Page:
With training camp now officially open, I’m re-examining the State of the Buffalo Bills’ roster, going position-by-position.
Here’s an in-depth look at the linebackers:
- Tremaine Edmunds
- Matt Milano
- A.J. Klein
- Corey Thompson
- Vosean Joseph
- Tyler Matakevich
- Tyrel Dodson
- Del’Shawn Phillips
Edmunds never comes off the field, regardless of the situation. He’s a three-down linebacker, whose just become better and better as his short career has moved forward. It’s important to remember just how young Edmunds is. He just turned 22 years old and has already played and started 31 NFL games, the most of any player, all-time, before turning 22 years old. Around the midway point of last season, Edmunds really started to see things better and play faster. There was a notable jump in his overall game. Around that same time, the Bills started using him a bit more as a blitzer, as well. He’s unde contract for two more seasons, plus the team has a fifth-year option they can use in 2022.
Milano is very similar to Edmunds in that he never comes off the field. He’s a three-down, instinctual, and athletic linebacker. He’s been a solid player so far through three seasons, and has certainly outperformed what many people expected after being drafted in the fifth round. However, unlike Edmunds, Milano is going into the final year of his contract. We’ll see how that plays out long-term, but for now, the team is set with two solid, young starters at the position.
Klein came into the NFL as a fifth round pick out of Iowa State by the Carolina Panthers in 2013 when current Bills head coach Sean McDermott was the Panthers’ defensive coordinator. Through four years in Carolina, he was used in different roles on defense, playing both inside and outside linebacker, including filling in for All-Pro player Luke Kuechly when he was out. He was also a core special teams player for the Panthers. Like both Edmunds and Milano, he’s considered a smart and instinctual linebacker. McDermott and general manager Brandon Beane really value position flexibility, and Klein has the ability to play all three linebacker spots, as well as special teams.
Thompson’s been primarily a weak-side backup for Matt Milano, and also a core special teams player through his two year career so far. He was originally an undrafted free agent who was released as part of final cuts in 2018, but then signed to the team’s practice squad right away. Later that season he was signed to the team’s active roster. He made the team right out of camp last season. He played 12 games, missing four with an ankle injury, but other than the teams’ regular season finale when they rested several defensive players in preparation for the playoffs, Thompson was strictly a special teamer.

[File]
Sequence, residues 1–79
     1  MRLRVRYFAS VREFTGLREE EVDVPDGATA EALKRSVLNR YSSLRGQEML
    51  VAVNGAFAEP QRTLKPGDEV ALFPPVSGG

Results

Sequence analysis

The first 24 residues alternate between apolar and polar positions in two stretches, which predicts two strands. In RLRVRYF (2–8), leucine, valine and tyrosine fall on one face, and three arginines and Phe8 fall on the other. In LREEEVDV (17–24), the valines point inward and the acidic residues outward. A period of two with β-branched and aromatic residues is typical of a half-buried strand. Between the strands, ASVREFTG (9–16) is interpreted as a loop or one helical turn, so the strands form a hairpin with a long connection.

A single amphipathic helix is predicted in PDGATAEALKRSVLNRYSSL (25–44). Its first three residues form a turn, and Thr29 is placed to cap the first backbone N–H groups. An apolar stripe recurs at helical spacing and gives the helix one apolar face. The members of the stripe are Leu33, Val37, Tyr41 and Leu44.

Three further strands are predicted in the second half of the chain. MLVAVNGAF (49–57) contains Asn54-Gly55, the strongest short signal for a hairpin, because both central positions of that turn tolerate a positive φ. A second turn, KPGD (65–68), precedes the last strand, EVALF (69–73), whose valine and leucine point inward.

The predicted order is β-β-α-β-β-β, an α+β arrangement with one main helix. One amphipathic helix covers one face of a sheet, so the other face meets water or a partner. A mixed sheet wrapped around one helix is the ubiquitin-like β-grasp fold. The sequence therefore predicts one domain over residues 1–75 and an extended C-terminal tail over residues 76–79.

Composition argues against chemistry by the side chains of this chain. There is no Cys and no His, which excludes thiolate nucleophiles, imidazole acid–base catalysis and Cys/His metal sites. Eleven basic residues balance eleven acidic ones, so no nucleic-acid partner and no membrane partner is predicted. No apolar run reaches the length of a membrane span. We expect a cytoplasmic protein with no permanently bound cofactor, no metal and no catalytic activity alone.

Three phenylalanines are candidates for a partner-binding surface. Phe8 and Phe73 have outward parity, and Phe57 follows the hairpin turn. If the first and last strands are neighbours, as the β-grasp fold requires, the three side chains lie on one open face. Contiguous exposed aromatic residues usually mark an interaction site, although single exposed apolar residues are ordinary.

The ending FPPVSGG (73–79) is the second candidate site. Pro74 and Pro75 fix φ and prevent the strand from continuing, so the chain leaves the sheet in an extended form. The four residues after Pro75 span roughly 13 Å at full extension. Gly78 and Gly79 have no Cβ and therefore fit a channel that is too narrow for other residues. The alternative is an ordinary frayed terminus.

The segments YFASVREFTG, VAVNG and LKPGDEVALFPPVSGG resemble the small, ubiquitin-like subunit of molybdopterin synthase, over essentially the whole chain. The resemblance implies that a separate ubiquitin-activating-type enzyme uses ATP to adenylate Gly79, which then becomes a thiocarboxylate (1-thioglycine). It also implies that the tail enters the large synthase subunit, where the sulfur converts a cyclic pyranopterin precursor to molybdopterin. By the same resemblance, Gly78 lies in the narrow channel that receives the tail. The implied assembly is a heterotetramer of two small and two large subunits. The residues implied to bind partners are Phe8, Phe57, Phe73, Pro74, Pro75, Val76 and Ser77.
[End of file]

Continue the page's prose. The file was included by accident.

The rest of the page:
We really don’t know what Joseph is capable of yet. He was drafted in the fifth round last year, played limited snaps in the preseason, then was injured late in the final preseason game and placed on injured reserve for the season. He’s fast and hits like a heat-seeking missile, but he also showed wildly undisciplined defensive tendencies on film at Florida.
Dodson had a strong preseason in 2019, but he was put on the commissioner’s exempt list prior to the season, then suspended six games by the league for a domestic violence arrest that occurred earlier in the offseason. Upon his reinstatement, he was waived by the club, but then signed to the practice squad where he spent the rest of the season, then signed to a future/reserve contract. He’s primarily a middle linebacker who will compete for a backup role to Edmunds.
Matakevich has made more special teams tackles than any player in the NFL over the past four seasons combined, with 37. He entered the league as a seventh round pick of the Steelers out of Temple in 2016 and was almost exclusively used in that role for them, playing in 63 out of a possible 64 games, picking up 77 combined tackles and a pass defended. The Bills have state they believe Matakevich can play a backup linebacker role for them, but he should be one of the main, core special teams players for the team in 2020.
Phillips was signed to a future/reserve deal at the end of last season. He has no prior NFL game experience after entering the league as an undrafted free agent last year and spending about half the season on the Bills’ practice squad.
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